Sunday, 24 November 2013

Electricity competition - still a way to go

The great irony of New Zealand's wholesale electricity market is that, while we are all intensely proud of it, no-one wants to be exposed to its spot prices. That's why the vast bulk of electricity is generated and sold by vertically integrated firms: the gentailers.

None of these firms wants to split itself, because there is no ready market for the contracts that'd be needed by separated retailers and generators. Market forces are not about to change this structure anytime soon.

A vertical separation would almost certainly be more competitive though, if only because barriers to entry will fall, because its easier to enter one market than two. The lack of independent competition is most obvious at the retail level, where the very idea died in 2001 in response to the spectacular financial hemorrhage that killed On Energy when it ran out of contracted supply.

Mandating a vertical split has always been in the too-hard basket, but reforms that have a separating effect have been considered on-and-off since 2002. The Ministerial review of 2009 (pdf) also pursued the theme, using that typically Kiwi approach: delegate the solution to the industry. The relevant decisions were as follows.
All major generators (with over 500 MW of capacity) to put in place by 1 June 2010 an electricity hedge market with the following characteristics:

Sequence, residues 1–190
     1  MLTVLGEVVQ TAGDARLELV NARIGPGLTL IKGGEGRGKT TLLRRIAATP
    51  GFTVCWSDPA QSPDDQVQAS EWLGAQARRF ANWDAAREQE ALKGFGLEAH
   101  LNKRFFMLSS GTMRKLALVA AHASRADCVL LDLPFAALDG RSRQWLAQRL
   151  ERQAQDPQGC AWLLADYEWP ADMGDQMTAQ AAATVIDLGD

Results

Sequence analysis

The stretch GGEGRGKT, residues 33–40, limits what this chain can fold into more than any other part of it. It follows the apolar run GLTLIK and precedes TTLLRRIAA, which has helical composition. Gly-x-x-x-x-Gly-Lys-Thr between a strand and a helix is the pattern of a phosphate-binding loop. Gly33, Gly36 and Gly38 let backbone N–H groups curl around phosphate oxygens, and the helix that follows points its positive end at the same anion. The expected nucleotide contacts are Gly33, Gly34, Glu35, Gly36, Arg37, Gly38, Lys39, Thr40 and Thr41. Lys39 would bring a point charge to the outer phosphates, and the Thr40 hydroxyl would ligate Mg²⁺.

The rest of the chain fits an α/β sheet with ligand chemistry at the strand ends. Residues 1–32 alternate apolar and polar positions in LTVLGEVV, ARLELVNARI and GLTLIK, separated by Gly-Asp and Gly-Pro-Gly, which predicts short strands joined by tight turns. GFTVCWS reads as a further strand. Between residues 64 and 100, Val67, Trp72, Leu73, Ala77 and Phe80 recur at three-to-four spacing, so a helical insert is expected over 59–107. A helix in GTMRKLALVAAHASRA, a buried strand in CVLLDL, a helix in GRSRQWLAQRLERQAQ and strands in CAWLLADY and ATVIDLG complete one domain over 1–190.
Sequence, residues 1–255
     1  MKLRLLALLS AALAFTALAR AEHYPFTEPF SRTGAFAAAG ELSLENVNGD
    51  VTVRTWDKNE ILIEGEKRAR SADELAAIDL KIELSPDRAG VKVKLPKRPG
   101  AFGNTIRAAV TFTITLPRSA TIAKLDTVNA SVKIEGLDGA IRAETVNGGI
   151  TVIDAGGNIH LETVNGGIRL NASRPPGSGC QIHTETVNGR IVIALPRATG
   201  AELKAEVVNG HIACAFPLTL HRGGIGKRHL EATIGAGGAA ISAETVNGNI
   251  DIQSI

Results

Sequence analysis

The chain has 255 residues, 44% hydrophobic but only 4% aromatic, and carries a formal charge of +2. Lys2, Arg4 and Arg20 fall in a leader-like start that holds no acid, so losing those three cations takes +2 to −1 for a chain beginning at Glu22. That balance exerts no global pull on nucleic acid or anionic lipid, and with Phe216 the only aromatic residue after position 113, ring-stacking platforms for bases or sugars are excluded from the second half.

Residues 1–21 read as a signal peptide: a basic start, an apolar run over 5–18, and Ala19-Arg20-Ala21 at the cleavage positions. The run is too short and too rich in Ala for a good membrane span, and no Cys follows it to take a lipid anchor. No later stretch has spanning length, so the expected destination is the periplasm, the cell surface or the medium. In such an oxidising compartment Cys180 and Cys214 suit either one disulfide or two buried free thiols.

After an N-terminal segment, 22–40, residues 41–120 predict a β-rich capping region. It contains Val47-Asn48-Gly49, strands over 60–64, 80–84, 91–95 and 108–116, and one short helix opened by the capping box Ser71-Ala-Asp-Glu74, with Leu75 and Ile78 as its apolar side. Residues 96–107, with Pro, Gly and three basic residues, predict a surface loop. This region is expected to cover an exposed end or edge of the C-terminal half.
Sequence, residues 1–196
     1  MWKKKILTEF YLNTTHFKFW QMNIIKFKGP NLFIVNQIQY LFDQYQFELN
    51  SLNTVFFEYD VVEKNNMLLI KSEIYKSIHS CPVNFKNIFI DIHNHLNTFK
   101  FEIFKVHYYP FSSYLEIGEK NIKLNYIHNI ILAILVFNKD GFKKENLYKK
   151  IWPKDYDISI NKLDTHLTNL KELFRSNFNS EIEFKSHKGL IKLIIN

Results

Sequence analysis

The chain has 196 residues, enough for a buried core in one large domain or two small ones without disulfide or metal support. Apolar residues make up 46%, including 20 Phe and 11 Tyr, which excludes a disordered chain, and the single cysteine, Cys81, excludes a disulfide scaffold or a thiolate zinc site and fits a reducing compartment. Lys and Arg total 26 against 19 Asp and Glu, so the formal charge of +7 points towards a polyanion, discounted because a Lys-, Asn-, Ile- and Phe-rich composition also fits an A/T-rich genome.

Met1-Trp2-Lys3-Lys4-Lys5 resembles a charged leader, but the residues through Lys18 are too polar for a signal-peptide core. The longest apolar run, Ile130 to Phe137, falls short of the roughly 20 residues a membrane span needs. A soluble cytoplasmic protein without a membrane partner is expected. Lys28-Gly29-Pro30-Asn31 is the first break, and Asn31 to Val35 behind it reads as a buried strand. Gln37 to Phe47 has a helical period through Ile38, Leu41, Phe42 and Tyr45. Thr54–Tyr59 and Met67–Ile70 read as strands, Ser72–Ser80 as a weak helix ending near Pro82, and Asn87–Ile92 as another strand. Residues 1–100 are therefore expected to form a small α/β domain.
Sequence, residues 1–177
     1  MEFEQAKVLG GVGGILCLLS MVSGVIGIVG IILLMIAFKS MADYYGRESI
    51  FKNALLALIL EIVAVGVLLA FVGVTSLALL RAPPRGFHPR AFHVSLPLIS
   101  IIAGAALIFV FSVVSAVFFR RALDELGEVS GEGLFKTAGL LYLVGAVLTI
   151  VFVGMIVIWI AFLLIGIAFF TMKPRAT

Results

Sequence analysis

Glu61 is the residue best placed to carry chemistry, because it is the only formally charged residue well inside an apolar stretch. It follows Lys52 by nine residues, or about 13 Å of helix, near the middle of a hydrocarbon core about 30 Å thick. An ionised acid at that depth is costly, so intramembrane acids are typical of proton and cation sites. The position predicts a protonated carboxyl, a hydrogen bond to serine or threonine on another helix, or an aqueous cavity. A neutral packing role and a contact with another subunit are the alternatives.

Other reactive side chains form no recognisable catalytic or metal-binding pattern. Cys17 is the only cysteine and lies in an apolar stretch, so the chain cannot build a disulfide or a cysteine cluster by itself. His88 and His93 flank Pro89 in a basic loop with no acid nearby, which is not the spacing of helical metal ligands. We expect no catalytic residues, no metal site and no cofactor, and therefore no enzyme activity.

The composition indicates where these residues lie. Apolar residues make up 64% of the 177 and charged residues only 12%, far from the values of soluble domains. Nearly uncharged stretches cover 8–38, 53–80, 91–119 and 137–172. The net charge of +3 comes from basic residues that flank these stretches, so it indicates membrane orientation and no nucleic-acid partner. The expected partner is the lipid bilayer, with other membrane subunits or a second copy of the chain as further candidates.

– standardised, tradable contracts
– a clearing house to act as a counter-party for all trades
– low barriers to participation and low transaction costs
– market makers (offering buy and sell prices with a maximum spread) to provide liquidity. 
An assessment to be made by 1 June 2011 of satisfactory market liquidity, defined as 3,000 GWh of ‘unmatched open interest’ (contracts without matching offsetting contracts).
Nice idea, but it didn't work, and was never going to according to EnergyLink whose June 2011 report to the EA says that interest has grown steadily until it now sits at about 600 GWh. However, this is well short of the Government‟s 3,000 GWh target, and it is clear that this was never going to be achieved through organic growth.
The EA has since been chasing the gentailers along, trying to get them to make this work and staying upbeat about the project. But the latest report admitted that they're still short of the target
...record trading volumes, and sustained levels of UOI approaching 3,000GWh. Forward prices also continue to respond to market developments in a manner that appears mostly rational.
Mostly rational? That's a bit scary. And two years after the nominated date they're still "approaching" the liquidity target.

So anyway, lets review...

  1. More retail competition would be very good.  
  2. We've never seriously considered a vertical split to make that happen.
  3. Another option is for the incumbent generators to set up and supply a market for hedges.
  4. We've been asking them nicely to do that, for a few years.
  5. Its not going so well.

None of this is at all surprising. The gentailers don't want or need a hedge market: its only function is to help other firms to eat their lunch. The big question for me is over how long the EA will be content to stand on the sidelines cheering.

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